Yesterday, someone asked me why publishers only put quotation marks at the beginning of each paragraph when the speech goes on for more than one. I’ve been researching this today.
According to Bernard C Lamb in his book The Queen’s English, he explains that “in quoted speech lasting more than one paragraph, there is an initial quotation mark and one at the beginning of each subsequent paragraph to indicate that the speech continues, but no quotation mark at the end of each paragraph”. The reason for this is because the speech does not finish until the final closing quotation mark.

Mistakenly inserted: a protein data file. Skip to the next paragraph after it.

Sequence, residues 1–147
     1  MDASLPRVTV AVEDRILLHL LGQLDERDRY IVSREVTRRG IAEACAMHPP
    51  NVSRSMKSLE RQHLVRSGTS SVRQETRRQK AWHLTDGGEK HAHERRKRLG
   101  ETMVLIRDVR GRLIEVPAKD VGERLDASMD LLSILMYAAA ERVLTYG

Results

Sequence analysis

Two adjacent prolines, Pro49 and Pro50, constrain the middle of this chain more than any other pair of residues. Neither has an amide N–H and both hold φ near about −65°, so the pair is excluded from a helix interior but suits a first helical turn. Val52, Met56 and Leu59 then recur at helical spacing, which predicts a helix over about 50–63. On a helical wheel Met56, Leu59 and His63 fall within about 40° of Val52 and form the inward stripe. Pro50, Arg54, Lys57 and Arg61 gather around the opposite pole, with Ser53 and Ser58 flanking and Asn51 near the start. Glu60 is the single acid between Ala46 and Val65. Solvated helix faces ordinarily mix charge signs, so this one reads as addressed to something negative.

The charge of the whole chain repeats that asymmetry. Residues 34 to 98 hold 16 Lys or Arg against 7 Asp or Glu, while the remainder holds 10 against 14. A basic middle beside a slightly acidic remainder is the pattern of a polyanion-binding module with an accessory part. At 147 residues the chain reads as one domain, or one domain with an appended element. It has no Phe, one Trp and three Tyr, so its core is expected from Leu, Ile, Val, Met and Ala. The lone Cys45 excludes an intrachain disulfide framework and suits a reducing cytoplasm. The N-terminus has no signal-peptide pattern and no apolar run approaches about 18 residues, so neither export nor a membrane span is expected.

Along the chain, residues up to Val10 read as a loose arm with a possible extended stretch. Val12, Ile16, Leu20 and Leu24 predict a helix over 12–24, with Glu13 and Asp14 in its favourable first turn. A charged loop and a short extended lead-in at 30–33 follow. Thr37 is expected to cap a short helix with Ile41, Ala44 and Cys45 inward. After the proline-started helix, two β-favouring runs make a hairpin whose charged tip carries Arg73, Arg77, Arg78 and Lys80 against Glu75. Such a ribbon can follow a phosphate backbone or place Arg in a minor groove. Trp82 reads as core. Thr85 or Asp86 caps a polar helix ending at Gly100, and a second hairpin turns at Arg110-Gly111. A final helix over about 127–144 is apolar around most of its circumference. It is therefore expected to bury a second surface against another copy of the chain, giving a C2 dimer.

Here is an example:
“From a very young age I have wanted to write. I have kept diaries and journals since the age of four; however, I never had anything published until a few years ago and they were only letters and the odd write up in magazines.
“This year I decided that in order to improve my writing skills and be a more confident write, I would start a blog. The plan was to learn something new about writing each day for a year and blog about it to teach others.
“It’s been a real eye opener and has already led to many things directly and indirectly. This includes having a publisher interested in my book and also having this blog featured in Writing Magazine“.
Explaination: Notice how each paragraph begins with quotation marks, but only the last paragraph ends with quotation marks.
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Bernard C. Lamb The Queen’s English (2010), UK